- Turn Your Table into a Beit Midrash: Bring articles, Jewish texts, and poetry and pass them out to your guests. Have your guests sit with a chevrutah partner and learn their piece for 10 or 15 minutes, and then regroup and invite each partnership to share what they have learned.
- Niggunim and Songs: Don’t be afraid to sing, and others will follow. Song inspires the soul, and even a song leader who is not a Broadway star can enliven a seder with spirit and joy. There are great resources online for traditional seder songs, as well as Passover lyrics written to modern and funny melodies.
- We Were Slaves in Egypt: Tell the story in your own words. Put down the Haggadah, and place yourself into the world of ancient Egypt. WE were slaves… when we left Egypt, were we scared? Were we excited? What did we bring? As we stood at the sea, what did we see? There is the possibility here of inviting guests to take on different roles, speaking from the “I” perspective, and reliving the voyage of our ancestors. Invite one guest to serve as the moderator. (Oprah Winfrey style!)
- Now We Are Free: Invite guests to bring an item that represents their freedom. This could be an object that reminds them of an aspect of freedom, or it could be something that represents an aspect of their lives that would be very different if they were not free. Ask guests to put their item on the table and share its story to your seder community.
- Don’t Be Afraid to Move: The seder doesn’t have to happen at a dinning room table. Some years, we have done the whole first half of the seder in the living room, Bedouin style. This enables guests to sit on couches, chairs, and on pillows and back-jacks on the floor, and invites kids to move around, while still participating in the discussion.
- Scallions Aren’t Just For Eating: There is a Persian custom of hitting each other with scallions during Dayenu. The scallions represent the whips of our oppressors. Although this may seem a little morbid, young and old alike have a wonderful time violating social norms and slamming each other with green onions.
- Orange on the Seder Plate: The orange on the seder plate has come to symbolize full inclusion of the GLBT community, as well as women, in modern day Judaism. Encourage guests to consider how we make our communities open and welcoming of people who may seem different from us. This can include folks with disabilities, people who are intermarried, divorced, struggling financially, etc.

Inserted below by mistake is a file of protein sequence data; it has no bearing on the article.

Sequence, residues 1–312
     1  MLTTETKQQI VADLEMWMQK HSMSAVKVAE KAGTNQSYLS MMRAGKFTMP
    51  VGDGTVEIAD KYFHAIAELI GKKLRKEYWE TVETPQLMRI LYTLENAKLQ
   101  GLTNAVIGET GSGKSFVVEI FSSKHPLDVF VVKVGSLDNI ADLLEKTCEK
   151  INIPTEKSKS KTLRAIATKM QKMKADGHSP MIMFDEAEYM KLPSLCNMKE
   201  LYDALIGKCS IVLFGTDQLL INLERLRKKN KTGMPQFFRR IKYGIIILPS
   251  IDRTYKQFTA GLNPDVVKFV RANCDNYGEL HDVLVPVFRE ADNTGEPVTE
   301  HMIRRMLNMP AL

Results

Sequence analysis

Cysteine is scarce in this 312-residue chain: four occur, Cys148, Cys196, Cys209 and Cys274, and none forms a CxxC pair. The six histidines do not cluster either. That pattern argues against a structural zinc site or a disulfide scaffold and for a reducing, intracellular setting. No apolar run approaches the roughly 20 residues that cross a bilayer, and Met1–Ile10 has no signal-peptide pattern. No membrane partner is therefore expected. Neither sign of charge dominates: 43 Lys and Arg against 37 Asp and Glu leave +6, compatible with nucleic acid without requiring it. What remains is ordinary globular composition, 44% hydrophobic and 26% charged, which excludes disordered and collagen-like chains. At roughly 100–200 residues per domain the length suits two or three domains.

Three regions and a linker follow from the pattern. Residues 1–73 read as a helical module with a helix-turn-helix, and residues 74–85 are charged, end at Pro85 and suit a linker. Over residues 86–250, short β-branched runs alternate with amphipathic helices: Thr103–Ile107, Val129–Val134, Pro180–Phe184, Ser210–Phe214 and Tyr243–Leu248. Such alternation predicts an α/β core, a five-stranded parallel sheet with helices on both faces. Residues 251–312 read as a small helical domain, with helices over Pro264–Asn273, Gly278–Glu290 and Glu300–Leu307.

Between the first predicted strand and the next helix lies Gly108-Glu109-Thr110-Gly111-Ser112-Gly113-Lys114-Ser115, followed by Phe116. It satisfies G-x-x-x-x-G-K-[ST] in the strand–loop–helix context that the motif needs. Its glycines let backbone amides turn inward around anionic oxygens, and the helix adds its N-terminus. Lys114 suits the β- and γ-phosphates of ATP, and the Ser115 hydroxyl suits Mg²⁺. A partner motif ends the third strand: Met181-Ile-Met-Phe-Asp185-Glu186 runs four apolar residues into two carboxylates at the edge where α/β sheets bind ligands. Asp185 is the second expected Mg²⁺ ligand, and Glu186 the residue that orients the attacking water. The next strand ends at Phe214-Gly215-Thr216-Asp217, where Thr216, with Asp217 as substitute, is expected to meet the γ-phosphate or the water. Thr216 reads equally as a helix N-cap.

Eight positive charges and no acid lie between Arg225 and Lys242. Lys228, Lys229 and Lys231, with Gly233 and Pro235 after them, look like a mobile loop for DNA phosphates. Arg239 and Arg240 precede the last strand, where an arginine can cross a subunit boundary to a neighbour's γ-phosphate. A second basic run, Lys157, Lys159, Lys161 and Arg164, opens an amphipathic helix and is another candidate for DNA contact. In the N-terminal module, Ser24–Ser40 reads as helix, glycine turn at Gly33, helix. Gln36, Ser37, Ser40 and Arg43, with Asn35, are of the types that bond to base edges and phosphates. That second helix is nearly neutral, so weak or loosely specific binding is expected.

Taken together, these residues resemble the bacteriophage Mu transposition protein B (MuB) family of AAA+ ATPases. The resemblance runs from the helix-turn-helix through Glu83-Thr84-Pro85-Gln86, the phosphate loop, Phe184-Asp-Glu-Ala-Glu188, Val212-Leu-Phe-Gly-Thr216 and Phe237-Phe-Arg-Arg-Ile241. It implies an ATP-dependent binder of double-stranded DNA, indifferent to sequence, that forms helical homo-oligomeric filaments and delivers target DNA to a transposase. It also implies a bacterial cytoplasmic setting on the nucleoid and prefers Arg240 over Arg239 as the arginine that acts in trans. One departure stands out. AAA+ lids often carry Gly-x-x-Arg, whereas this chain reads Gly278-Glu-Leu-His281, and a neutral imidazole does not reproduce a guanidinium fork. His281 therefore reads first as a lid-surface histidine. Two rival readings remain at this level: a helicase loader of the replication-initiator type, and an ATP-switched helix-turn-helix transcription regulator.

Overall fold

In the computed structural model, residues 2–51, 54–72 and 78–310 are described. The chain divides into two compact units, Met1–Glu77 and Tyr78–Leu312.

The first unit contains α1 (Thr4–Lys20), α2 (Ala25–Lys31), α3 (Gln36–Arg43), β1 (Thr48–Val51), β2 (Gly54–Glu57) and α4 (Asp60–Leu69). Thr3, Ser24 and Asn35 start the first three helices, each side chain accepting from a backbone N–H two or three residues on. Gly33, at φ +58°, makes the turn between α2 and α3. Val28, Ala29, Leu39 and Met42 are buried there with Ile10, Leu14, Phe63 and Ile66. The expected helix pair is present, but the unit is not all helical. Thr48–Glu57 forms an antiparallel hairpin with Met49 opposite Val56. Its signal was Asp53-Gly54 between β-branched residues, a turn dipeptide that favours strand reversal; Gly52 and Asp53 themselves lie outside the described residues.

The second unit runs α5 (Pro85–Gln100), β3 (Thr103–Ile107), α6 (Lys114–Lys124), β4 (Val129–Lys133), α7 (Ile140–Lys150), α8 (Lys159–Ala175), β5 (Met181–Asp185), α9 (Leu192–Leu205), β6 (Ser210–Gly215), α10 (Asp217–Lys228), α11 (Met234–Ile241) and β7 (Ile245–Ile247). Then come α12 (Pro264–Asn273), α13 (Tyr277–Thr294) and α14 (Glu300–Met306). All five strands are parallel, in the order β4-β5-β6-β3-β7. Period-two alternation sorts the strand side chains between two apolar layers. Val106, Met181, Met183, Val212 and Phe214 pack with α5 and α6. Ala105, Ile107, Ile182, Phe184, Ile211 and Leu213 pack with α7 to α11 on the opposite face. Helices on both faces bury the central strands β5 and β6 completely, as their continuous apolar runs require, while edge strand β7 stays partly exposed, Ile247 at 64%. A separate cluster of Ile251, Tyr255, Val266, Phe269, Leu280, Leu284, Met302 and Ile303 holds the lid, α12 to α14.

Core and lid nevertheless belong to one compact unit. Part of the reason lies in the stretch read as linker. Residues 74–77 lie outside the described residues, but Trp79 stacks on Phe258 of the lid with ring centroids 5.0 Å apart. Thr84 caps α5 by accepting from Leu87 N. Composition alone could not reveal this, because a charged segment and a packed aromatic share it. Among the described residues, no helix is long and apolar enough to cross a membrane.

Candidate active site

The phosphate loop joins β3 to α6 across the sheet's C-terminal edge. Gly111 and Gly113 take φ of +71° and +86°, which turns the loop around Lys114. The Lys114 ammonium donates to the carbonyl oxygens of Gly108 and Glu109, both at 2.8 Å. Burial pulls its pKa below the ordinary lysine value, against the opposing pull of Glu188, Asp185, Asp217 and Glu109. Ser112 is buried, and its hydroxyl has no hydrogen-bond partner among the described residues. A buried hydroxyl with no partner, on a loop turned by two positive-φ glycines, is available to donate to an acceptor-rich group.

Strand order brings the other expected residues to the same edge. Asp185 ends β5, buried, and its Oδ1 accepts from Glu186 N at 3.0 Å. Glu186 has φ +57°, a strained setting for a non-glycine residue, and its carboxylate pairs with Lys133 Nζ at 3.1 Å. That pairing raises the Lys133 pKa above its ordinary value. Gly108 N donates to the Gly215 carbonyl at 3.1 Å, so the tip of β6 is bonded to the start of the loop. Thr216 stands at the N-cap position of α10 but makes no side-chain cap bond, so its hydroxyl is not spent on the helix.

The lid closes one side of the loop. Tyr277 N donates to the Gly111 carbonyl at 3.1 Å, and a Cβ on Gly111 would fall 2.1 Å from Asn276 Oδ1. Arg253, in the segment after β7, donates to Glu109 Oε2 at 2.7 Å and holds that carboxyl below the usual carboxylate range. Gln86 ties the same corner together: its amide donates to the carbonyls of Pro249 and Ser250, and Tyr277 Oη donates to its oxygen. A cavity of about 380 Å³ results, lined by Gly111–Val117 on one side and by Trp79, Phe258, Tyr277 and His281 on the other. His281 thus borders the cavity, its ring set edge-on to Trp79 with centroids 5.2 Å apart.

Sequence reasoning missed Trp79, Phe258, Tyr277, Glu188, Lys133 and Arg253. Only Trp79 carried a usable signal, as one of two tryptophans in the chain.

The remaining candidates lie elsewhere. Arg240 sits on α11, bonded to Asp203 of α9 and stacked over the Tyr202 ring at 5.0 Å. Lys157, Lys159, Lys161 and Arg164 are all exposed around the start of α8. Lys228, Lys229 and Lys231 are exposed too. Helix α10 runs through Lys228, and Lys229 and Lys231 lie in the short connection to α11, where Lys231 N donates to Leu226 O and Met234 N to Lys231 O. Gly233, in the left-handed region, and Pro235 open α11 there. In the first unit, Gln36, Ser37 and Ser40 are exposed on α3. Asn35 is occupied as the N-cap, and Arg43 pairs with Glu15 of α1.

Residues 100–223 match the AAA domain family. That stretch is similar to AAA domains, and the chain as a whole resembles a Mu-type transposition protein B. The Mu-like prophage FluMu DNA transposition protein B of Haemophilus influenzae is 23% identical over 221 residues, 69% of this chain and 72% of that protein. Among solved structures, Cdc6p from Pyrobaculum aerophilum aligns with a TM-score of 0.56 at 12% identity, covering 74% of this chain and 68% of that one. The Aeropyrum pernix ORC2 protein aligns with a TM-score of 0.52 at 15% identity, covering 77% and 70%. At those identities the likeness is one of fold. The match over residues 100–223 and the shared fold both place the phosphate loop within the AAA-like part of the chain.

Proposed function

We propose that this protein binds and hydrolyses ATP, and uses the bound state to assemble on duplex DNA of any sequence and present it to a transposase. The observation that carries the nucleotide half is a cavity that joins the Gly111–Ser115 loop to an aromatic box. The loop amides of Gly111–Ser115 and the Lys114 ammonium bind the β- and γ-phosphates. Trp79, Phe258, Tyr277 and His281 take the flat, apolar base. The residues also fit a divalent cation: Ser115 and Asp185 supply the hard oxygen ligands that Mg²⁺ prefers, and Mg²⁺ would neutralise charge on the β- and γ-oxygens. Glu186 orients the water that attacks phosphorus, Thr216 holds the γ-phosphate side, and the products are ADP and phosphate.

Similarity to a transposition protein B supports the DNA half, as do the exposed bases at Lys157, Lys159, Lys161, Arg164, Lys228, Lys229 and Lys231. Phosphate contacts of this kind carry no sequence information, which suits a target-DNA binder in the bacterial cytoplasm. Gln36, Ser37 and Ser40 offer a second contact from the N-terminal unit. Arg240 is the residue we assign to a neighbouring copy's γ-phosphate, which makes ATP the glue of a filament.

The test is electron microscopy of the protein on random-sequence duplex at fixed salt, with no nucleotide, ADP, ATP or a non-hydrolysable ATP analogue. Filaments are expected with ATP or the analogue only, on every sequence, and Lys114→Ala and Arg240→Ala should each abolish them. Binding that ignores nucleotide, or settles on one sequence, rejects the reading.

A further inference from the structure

- Become Elijah the Prophet: Tradition tells us that we have a cup for Elijah at our seder, in the hope that he will come and usher in the messianic age. We don’t need to wait for the messiah to bring an end to injustice, slavery, and destruction. We can connect with the piece of Elijah that resides in each of us, and work for a better tomorrow right here, today. Invite guests to articulate what they can do to create more light and more holiness in our world.
- Miriam’s Cup: Tradition teaches us that a well of water followed Miriam wherever she went, and quenched the thirst of the people Israel. We call our Torah a “mayim chayim,” living waters, because the customs of the Jewish people sustain us emotionally and spiritually and fill our lives with meaning. Invite guests to speak about a particular experience that has sustained them this past year.
- Modern Day Slavery: On Pesach, we tell the story of our people’s trajectory, our people’s movement from the pain of slavery to the joy of freedom. There are people today, right here in the United States and throughout the world, who are still enslaved. We call this human trafficking. Educate guests about the realities of slavery today, and encourage them to take a stand in fighting these horrifying modern atrocities.
Chag Sameach! May we all be blessed with meaningful and dynamic seders, and may the entire holiday of Passover be sweet. Next year in Jerusalem!
A couple weeks ago news stations around the country featured the story of an 87-year old woman, a resident of a nursing home in Bakersfield, California, who was denied CPR by a nurse even while the 9-1-1 operator pleaded with her to administer the life saving intervention. The audio recording of that 9-1-1 conversation sends chills down our spine as we listen knowing that her refusal to offer treatment results in that elderly woman’s death. The nurse claimed to the 9-1-1 operator that it was against the policy of the nursing home to attempt life saving intervention by any of the employees and her sole job was to only call for help and wait with the patient. The facility later confirmed that this is indeed their policy.
The response to this incident was an overwhelming display of horror and disgust. How could anyone sit idly by while a person quite literally dies in front of them? This is even more pronounced when the person who refuses to help is a nurse, a member of the medical profession. This case and the wrong committed is so clear and unequivocal that it requires little commentary, if any.